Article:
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Shtab supporters hint at violence

  • 2004-08-19
  • By Aaron Eglitis
RIGA - A thinly veiled threat from the anti-education reform organization Shtab claiming the state was "on the brink of ethnic violence" caused consternation in the capital and among law enforcement agencies on Aug. 13.

An open letter by six minority organizations, including Shtab (Headquarters for the Defense of Russian Schools) addressed to the president, the prime minister and members of Parliament, called for a moratorium on the planned education reform mandating that as of Sept. 1, 60 percent of all high-school level classes be taught in the state language.
The letter stated that, should the reform go ahead, there was a valid possibility of police confrontation during the demonstrations planned for early September. Among the signatories was MP Nikolai Kabanov.
Interior Minister Eriks Jekabsons called the letter "a provocation," while denouncements from Latvian politicians on both the right and left of the political spectrum quickly followed suit. Even communist stalwart Alfreds Rubiks called Kabanov's statement a provocation in an interview with the Russian-language daily Telegraf.
Shtab, for its part, said it would promise the biggest protest yet on Sept. 1, accompanied by a hungerstrike, and would appeal to schoolchildren to stay out of school until a moratorium on the reform was announced.
Head of the security police Janis Reiniks has said that he did not believe Shtab could control the situation any longer, while others said the "threat" was exaggerated and just more of the same bombastic rhetoric from an organization that needed to impress sponsors in Russia.
Should things get out of control, police have threatened to use water cannons to keep the peace.
"This is nothing new, Shtab has been releasing veiled threats, which they call warnings for about a year now," Special Task Minister for Integration Nils Muiznieks told The Baltic Times.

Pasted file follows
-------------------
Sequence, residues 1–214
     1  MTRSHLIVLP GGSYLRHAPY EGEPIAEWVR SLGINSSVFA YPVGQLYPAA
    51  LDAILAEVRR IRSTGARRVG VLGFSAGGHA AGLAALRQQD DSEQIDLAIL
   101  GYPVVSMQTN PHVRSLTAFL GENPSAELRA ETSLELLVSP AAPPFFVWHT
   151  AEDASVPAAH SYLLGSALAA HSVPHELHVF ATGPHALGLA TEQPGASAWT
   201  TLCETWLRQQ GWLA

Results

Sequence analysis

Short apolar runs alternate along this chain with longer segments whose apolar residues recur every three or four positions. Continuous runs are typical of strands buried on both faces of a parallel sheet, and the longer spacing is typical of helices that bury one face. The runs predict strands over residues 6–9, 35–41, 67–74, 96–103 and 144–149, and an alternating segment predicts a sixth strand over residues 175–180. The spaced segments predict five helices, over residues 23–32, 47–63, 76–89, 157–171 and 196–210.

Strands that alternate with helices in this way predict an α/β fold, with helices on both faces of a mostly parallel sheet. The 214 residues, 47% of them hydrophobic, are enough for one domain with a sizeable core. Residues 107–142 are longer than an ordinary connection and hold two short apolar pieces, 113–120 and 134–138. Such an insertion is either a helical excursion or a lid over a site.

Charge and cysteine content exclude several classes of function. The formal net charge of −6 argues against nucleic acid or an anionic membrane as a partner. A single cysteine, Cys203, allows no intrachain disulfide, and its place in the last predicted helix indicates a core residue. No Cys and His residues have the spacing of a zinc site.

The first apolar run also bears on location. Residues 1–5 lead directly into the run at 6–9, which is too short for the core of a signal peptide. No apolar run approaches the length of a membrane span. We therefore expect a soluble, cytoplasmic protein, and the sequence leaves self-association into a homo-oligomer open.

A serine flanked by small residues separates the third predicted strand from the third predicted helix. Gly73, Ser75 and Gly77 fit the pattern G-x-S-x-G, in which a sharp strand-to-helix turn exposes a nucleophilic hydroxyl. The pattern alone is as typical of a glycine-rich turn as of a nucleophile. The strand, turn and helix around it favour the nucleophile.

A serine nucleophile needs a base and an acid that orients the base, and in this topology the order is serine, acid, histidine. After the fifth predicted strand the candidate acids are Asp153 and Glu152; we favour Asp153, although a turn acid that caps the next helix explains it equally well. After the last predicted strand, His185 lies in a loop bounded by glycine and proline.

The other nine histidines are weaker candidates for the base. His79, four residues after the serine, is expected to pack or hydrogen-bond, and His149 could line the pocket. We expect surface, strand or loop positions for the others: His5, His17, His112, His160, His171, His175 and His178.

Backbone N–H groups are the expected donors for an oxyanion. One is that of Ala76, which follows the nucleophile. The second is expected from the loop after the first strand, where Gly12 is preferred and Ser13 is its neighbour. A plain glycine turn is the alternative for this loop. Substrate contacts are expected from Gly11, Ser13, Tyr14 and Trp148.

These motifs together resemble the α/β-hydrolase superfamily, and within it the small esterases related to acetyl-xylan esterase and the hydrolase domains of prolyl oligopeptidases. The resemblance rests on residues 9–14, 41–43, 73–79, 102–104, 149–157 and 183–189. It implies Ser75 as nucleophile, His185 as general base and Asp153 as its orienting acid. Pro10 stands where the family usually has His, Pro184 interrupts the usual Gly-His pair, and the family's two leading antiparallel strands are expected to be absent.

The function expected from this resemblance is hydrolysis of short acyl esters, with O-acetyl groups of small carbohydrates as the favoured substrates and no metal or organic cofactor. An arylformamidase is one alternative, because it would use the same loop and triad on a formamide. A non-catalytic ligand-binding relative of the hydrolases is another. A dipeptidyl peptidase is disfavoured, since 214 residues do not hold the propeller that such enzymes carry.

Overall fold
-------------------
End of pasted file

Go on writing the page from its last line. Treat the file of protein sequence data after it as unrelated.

"Its clear that some of them want a confrontation, but we don't have any evidence to believe that one will happen," he added.
Muiznieks also pointed to a recent study released by the Baltic Institute of Social Science that found the possibility of ethnic violence remote.
MP Jakovs Pliners, who is also from For Human Rights in a United Latvia and a sponsor of the rallies, promised to do everything he could to avert violence at the demonstrations.
Shtab supporters are hoping the Sept. 1 rally will draw as many as 38,000 people.
Numerous, large demonstrations organized by Shtab have been held for months now, and without violent outcomes. However, others within the ethnic Russian community are worried about when the reforms are actually implemented.
"For the sane people within Shtab, many are really afraid about the possibility that the events will spin out of control," Alexander Krasnitsky, a Russian language journalist told The Baltic Times.
"All tension in society benefits the extremists within the organization and on the opposite flank. This time the letter, in my opinion, more or less corresponds to reality," he said.
"I am plainly afraid of the month of September," he added.
Still, Shtab activists downplayed the threat of violence when asked about it.
"I don't think any violence will occur at this demonstration, because earlier we agreed on a campaign of nonviolent resistance, and we have been trying constantly to hold very peaceful demonstrations. Besides, the government is not interested in using any violent measures," Genneday Kotov, a member of the Riga City Council, told The Baltic Times.
"Shtab is advising children not to attend school as a protest against the education reform. And we will keep doing that until government will hear us," Kotov added.
In addition to protests, Kotov said that he and ten other activists would begin a hunger-strike on Aug. 23.
In the meantime, Kabanov, speaking to the Telegraf daily, said, "In no way can I consider my signature on a letter by six societal organizations a provocation. Ninety percent of the letter is about the problem of Russian-language education. The mention of a potential confrontation with the police in the later - just one sentence! - was blown out of proportion by the media."
The controversial letter corresponded to a demand for the legal sanction of protests planned for the coming weeks. The Riga City Council initially refused to authorize the Sept. 1 protest but later acquiesced, approving them from Aug. 23 to Sept. 3 in Esplanade Park and a rally on Sept. 1 at Victory Park.